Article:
Singapore #1: 24 Hour Dim Sum & Hawker Centers

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Although we were only in Singapore for 4 days, every day was pure food bliss. After landing at 7pm, tired and hungry, we worried about finding good food after spending the day eating at airports. Luckily for us, just a 10-minute walk from where we were staying in Geylang was 126 Eating House, a 24-hour dim sum spot. YES, YOU READ THAT RIGHT, 24 HOURS, ALL DAY long, 7 days a week.

Side note: if you can read Chinese and understand Cantonese, 126 揾到食 is such clever wordplay, you’ll probably laugh out loud once you figure it out–at least I did.

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Chicken Curry Changfen. *cue drool emoji*

Let me just start off by saying that even right now, I regret not getting an extra plate of this. I’m not sure where else this dish is served, but I’ve never had chicken curry changfen at any dim sum spot, let alone any restaurant before. This beautiful dish came piping hot as I imagine the curry was ladled out of a giant pot right before it devoured the rolls of changfen, which by the way, was cut into smaller bite-size pieces. The smaller pieces were perfect for dipping and drenching in curry. Needless to say, we left a clean plate.

Can someone please tell me where to get this in NYC?!

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Maybe I forgot to mention this, but we sat outside where 126 set up curbside tables (they also have seating inside) and even at night, we were sweating. Like most of Southeast Asia in the summer, it was HOT. Which is all to say, I was even more grateful for this homemade sugarcane juice served with a slice of lemon. Perfectly thirst-quenching.

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A few other dishes we ordered included steamed pork buns, shrimp dumplings, and shumai. No complaints here, although to be honest, we ended up dipping everything in the curry…

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By the time we finished eating dim sum at around 10pm, we decided to search for a snack and discovered just how bustling Geylang was on a Friday night. Streets were packed with restaurants and restaurants were packed with people. After seeing the crowd at Lorong 9 Beef Kway Teow, we headed in and ordered a small beef kway teow and an iced tea. Lo and behold, this massive dish arrived at our table within 1 minute of ordering. I actually asked the server again to make sure it was indeed a small. Although this was more than just the “snack” we were hoping for, the beef was quite tender and the gravy wasn’t overly salty. As we left the restaurant, I spied around at other tables and found beef kway teow dishes way larger than ours–lucky, lucky folks.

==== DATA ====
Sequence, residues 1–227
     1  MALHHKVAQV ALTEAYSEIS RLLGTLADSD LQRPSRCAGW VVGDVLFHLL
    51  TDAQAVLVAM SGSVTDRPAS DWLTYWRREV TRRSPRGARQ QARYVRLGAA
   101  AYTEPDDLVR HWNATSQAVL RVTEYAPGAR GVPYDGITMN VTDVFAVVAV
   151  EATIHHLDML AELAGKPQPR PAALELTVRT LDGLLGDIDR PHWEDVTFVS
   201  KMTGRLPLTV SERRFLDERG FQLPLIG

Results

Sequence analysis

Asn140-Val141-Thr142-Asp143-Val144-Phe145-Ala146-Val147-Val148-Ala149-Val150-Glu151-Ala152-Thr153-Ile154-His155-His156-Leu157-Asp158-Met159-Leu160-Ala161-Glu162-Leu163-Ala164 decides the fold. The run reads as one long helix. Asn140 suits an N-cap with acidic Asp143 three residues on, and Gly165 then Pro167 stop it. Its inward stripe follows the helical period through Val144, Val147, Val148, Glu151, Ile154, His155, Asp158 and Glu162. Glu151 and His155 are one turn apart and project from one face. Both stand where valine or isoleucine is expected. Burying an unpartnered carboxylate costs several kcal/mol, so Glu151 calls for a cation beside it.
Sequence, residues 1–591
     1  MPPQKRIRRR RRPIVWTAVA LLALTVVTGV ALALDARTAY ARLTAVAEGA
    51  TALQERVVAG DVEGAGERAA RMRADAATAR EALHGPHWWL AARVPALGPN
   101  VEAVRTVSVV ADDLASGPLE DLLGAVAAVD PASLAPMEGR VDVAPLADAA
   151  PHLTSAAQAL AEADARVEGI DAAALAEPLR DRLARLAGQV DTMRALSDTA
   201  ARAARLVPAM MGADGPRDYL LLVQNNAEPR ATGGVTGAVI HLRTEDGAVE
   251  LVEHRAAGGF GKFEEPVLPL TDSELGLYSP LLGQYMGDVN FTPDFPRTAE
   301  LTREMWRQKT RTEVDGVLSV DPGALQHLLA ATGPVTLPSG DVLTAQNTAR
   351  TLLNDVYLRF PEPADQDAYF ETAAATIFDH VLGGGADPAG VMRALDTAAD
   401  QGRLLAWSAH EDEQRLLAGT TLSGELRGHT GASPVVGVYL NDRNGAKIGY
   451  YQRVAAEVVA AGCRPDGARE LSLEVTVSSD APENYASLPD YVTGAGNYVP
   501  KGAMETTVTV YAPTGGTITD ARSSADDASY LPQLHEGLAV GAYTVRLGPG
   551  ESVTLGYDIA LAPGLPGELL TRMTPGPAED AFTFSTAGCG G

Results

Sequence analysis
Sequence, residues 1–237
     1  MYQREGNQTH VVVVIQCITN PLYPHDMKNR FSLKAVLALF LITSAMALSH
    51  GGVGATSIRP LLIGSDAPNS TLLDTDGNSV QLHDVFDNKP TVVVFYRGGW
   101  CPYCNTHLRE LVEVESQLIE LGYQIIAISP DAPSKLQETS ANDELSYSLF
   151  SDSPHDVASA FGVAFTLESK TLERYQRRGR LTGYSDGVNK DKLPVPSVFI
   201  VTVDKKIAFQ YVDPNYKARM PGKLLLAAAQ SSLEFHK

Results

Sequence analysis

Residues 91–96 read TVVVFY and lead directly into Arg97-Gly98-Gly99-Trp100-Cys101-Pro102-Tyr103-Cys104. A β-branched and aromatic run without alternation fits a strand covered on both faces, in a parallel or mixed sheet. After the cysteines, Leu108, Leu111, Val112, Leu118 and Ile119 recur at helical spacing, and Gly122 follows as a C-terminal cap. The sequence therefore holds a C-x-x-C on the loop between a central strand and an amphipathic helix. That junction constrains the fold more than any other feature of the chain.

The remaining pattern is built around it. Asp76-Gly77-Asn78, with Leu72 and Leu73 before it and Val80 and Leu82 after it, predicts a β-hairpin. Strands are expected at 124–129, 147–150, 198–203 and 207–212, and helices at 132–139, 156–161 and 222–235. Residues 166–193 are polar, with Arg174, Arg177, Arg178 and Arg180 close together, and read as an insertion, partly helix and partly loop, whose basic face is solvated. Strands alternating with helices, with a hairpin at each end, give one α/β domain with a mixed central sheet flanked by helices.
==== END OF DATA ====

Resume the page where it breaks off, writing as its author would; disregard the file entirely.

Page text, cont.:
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By the way, if you’re ever in Geylang, don’t be surprised at all the stands and supermarkets selling durian; although Geylang is better known as Singapore’s red-light strict, it is also known for its durian shops. If you look closely at the lefthand side of the photo, you’ll see people sitting down–many places offer tables and chairs so you can enjoy your durian right away. If it isn’t clear already, the Singaporeans love food, and they display their love affectionately, which also explains all the large durian signs you’ll see as you walk along many of the busier roads.

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Introducing: Hawker Centers. If you haven’t been to Singapore, you’ve probably still heard about how food-obsessed Singaporeans are; hawker centers are a good visual example of this passion. Maxwell Food Centre is a well-known hawker center in Chinatown and as you can see from the photo above, hawker centers are essentially a space where you have lots of variety because of all the vendors available. What I noticed and appreciated was the fact that most stalls focused on 1-3 of their own staple dishes. Unlike food courts where you see a lot of large chains or huge menus, having a small menu allows vendors to spend their time focusing on the quality and taste of those few dishes.

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We received recommendations for Tian Tian Hainanese Chicken Rice from a few sources, which is how we ended up at Maxwell Food Centre. We arrived a little after 11am and the line stretched around the corner and down the hall. Despite how long the line was, it moved relatively fast–I’m guessing having the option of chicken or chicken helps with efficiency.

Interestingly enough, there was another Hainanese Chicken stall just a few feet from Tian Tian. Plastered all over its stall were news articles on the ex Tian Tian chef who left and opened his own business. *insert drama* Tian Tian exploded with popularity after it was featured on Anthony Bourdain’s No Reservations. Our verdict?

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If you’re going to go with the masses, I highly recommend ordering the half or whole chicken, depending on the number in your party. True to its reviews, the chicken was extremely juicy and tender, almost velvety as it slides down your throat.

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We also ordered the chicken and rice combination and actually left most of the chicken untouched. The chicken that came with the rice was much dryer and I found myself chewing endlessly. The chili sauce (not pictured) also wasn’t very memorable, but I did find myself enjoying the chicken rice–it was flavorful and savory. Although it wasn’t the best hainanese chicken I’ve ever had, overall, I enjoyed Tian Tian and the experience of seeing Anthony Bourdain’s effects. If he wants, he should go and try my dad’s hainanese chicken though–no joke, it’s the best I’ve ever had.

*Special thanks to Hudson Leung for his extensive food recommendations.

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